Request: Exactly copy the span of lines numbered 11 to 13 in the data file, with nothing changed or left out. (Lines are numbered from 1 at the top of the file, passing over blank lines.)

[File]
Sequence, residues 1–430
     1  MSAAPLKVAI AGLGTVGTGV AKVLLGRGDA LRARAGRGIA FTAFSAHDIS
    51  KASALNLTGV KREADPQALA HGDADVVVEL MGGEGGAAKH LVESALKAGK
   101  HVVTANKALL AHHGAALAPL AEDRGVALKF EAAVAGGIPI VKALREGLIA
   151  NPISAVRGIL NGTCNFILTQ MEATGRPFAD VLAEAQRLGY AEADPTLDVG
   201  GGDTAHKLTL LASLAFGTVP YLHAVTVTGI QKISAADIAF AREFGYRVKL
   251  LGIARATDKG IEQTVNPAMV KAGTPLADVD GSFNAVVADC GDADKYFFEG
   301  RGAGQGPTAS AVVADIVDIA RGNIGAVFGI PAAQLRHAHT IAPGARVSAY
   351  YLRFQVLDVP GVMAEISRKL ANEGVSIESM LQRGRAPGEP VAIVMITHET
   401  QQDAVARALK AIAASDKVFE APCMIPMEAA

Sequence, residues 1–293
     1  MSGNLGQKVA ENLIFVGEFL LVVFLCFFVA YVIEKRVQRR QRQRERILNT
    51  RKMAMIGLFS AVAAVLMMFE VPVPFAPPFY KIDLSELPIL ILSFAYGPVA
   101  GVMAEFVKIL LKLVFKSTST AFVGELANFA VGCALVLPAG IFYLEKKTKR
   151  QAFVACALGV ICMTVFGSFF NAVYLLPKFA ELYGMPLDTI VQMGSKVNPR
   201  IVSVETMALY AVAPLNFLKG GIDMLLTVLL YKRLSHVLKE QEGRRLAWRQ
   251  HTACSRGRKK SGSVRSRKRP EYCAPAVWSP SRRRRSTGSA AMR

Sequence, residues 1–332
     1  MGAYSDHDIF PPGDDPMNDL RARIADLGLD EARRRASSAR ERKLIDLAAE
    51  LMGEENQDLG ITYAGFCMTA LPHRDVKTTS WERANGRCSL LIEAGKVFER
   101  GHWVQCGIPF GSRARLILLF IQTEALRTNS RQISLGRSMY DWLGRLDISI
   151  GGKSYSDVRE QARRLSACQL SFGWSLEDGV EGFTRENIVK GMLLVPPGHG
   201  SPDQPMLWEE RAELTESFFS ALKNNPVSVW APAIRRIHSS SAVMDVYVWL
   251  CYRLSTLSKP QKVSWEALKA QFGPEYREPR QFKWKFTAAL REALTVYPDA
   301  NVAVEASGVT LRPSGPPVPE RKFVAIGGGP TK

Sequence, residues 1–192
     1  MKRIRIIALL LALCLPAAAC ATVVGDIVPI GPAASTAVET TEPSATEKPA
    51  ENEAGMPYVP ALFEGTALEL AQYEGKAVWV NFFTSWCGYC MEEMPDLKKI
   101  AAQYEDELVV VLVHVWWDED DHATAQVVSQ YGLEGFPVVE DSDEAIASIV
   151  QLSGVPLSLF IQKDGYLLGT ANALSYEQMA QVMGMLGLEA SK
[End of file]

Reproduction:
Sequence, residues 1–293
     1  MSGNLGQKVA ENLIFVGEFL LVVFLCFFVA YVIEKRVQRR QRQRERILNT
    51  RKMAMIGLFS AVAAVLMMFE VPVPFAPPFY KIDLSELPIL ILSFAYGPVA